Air Rwanda

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Société Nationale des Transports Aériens du Rwanda, or Air Rwanda as the airline was commonly known, was the national airline of Rwanda, with its base at Kigali International Airport in Kigali.

History[edit]

Air Rwanda founded by the government of Rwanda on 15 July 1975 as the national airline of Rwanda. The airline began operations on domestic flights and to neighbouring nations, with a network including flights from Kigali to Gisenyi, Kamembe, Bujumbura and Ostend. Other services were also operated to Tanzania, Uganda and Zaire, along with a scheduled cargo flight from Bujumbura to Mombasa in Kenya. A fleet comprising one Boeing 707, two de Havilland Canada DHC-6 Twin Otters and one Piper Aztec was operated on these routes.[1] The airline would also occasionally lease a Britten-Norman Islander for operations from the Rwandan Air Force.[2] The airline was implicated in a mooted deal with Libya, under which the Libyans would paint Boeing aircraft belonging to Libyan Arab Airlines in Air Rwanda livery. The purpose of the deal was to allow the Libyans to skirt an embargo and to gain access to spare parts for the aircraft. The possible deal came to light when the United States gained photos of some Libyan aircraft being repainted in Air Rwanda livery, after which the Rwandans cancelled talks with the Libyans.[3]

In 1994, the airline was forced to cease flying to domestic destinations because of the Rwandan Genocide, whilst internationally the airline reduced its network to include only Kigali, Bujumbura and Entebbe.[1] In 1996, the airline was renamed to Rwanda Air and its fleet consisted only of the Boeing 707. By this time its network had increased to include Gisenyi, Kamembe, Bujumbura, Ostend, Dar es Salaam, Entebbe and Kinshasa.[1]

In November 1997, it was announced that Alliance Express, the regional arm of multi-national Uganda-based airline SA Alliance Air, had reached a deal with the Rwandan government to take over the operations of Rwanda Air, after which it would operate as Alliance Express Rwanda from 1 March 1998. The new airline would operate on routes from Kigali to Entebbe, Kinshasa, Johannesburg and Nairobi with Boeing 737-200 equipment. The government continued to hold a majority 51% share in the airline, with Alliance Air taking a 49% stake.[4][5][6] The airline began operations to Bujumbura in neighbouring Burundi on 8 February 1999.[7] In its first year of operations Alliance Express Rwanda posted a US$4 million operating loss on US$6 million revenues, which the airline blamed on its inability to operate flights to the Democratic Republic of the Congo due to the Second Congo War. A dispute between Rwanda, Uganda and the Democratic Republic of the Congo, according to the airlines' deputy managing director, meant the Kigali-Lubumbashi-Kinshasa route could not be developed.[8] By this time, the airline was also operating a Bombardier Dash 8 in addition to the 737.[9] After the Ugandan-based SA Alliance Air ceased operations in October 2000, the Rwandan government entered into an agreement with South African Airways to ensure the Rwandan subsidiary would continue to operate.[10] Operations continued until the company was eventually wound up on 30 November 2002 and its operations taken over by Rwandair Express, later to be rebranded as RwandAir.[11]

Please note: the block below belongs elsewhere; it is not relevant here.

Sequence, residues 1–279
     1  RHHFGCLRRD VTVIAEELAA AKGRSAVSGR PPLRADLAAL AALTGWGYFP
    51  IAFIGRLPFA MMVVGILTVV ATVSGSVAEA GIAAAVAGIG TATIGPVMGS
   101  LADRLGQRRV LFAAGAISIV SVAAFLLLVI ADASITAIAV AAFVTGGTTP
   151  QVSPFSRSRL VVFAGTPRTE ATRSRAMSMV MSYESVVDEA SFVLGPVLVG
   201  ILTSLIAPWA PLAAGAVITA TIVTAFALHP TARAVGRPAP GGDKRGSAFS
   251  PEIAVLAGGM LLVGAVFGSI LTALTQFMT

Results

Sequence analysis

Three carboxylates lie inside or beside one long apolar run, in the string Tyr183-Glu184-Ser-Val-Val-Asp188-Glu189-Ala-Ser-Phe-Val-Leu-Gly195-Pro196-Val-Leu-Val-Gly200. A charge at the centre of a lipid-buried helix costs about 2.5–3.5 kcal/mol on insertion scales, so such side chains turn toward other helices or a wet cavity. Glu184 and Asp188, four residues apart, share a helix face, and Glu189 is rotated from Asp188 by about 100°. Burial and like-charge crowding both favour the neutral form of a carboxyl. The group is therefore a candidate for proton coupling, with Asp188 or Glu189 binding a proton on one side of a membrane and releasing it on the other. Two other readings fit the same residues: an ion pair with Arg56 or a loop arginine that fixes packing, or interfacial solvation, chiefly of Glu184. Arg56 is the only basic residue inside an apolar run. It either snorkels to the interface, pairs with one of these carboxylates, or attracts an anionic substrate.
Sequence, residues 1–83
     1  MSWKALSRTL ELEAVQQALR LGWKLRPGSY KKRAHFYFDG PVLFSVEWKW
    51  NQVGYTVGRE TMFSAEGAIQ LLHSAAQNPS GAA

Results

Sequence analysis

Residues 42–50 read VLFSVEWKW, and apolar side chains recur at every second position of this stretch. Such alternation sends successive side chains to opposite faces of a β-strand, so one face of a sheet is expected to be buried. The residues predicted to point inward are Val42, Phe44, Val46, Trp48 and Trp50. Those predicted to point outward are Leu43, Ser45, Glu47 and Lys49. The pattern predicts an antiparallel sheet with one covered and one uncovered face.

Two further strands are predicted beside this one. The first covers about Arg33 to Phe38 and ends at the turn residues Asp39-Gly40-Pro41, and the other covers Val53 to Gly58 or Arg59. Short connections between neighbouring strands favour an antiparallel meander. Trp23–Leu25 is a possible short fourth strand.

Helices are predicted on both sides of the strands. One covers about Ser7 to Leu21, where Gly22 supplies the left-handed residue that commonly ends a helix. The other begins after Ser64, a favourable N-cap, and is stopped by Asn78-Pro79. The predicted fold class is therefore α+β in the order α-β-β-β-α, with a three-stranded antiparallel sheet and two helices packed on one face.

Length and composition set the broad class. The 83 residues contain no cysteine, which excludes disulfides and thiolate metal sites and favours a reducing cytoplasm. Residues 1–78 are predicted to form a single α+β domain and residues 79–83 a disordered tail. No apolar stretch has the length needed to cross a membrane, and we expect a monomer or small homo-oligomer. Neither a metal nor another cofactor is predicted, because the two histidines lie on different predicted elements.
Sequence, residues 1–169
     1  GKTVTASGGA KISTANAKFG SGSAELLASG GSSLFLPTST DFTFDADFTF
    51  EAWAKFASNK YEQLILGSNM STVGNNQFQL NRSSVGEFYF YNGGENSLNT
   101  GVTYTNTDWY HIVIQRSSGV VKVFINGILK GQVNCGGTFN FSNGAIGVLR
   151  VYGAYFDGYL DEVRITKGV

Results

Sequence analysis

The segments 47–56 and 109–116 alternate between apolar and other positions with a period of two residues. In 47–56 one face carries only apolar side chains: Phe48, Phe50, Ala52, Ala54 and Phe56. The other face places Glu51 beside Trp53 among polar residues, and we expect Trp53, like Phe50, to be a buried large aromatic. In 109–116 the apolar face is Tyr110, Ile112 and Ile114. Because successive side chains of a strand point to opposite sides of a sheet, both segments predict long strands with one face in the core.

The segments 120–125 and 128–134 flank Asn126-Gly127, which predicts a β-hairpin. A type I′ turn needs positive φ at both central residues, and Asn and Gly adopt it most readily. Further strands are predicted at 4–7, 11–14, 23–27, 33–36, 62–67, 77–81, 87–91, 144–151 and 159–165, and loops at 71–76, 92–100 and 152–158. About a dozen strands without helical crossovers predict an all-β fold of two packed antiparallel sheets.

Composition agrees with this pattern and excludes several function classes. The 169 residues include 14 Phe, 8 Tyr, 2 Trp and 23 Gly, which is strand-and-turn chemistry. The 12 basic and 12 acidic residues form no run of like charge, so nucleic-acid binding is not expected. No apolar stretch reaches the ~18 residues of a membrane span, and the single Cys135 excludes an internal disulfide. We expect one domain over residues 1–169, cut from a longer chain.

References[edit]

  1. ^ a b c Guttery, Ben R. (1998). Encyclopedia of African airlines. Ben Guttery. p. 152. ISBN 0-7864-0495-7. Retrieved 2009-10-14. 
  2. ^ "Air force (Rwanda), Air force". Jane's Information Group. 6 July 2009. Retrieved 16 January 2010. 
  3. ^ "Tiny Rwanda must tackle giant problems". The Montreal Gazette. 13 April 1983. pp. I1. Retrieved 16 January 2010. 
  4. ^ Yates, Chris (12–18 November 1997). "Alliance spreads into Central Africa". Kampala: Flight International. p. 14. Retrieved 16 January 2010. 
  5. ^ "Alliance Express". Flight International. 4–10 February 1998. p. 13. Retrieved 16 January 2010. 
  6. ^ "African turf fight". Airline Business. 1 January 1998. Retrieved 16 January 2010. 
  7. ^ "Rwandan airline begins flights to Burundi". Kigali: Radio Rwanda. 8 February 1999. Retrieved 16 January 2010. 
  8. ^ "Alliance blames Congo problems for loss". Flight International. 27 October – 2 November 1999. p. 24. Retrieved 16 January 2010. 
  9. ^ Wakabi, Michael (3 November 1999). "Connecting East Africa". Kampala: Flight International. Retrieved 16 January 2010. 
  10. ^ Wakabi, Michael (17 October 2000). "$50 million losses forces Alliance Air to close". Kampala: Flight International. 
  11. ^ "ALLIANCE EXPRESS (RWANDA) 0./100 (Rwanda), AIRLINES". Jane's Information Group. 9 August 2007. Retrieved 16 January 2010.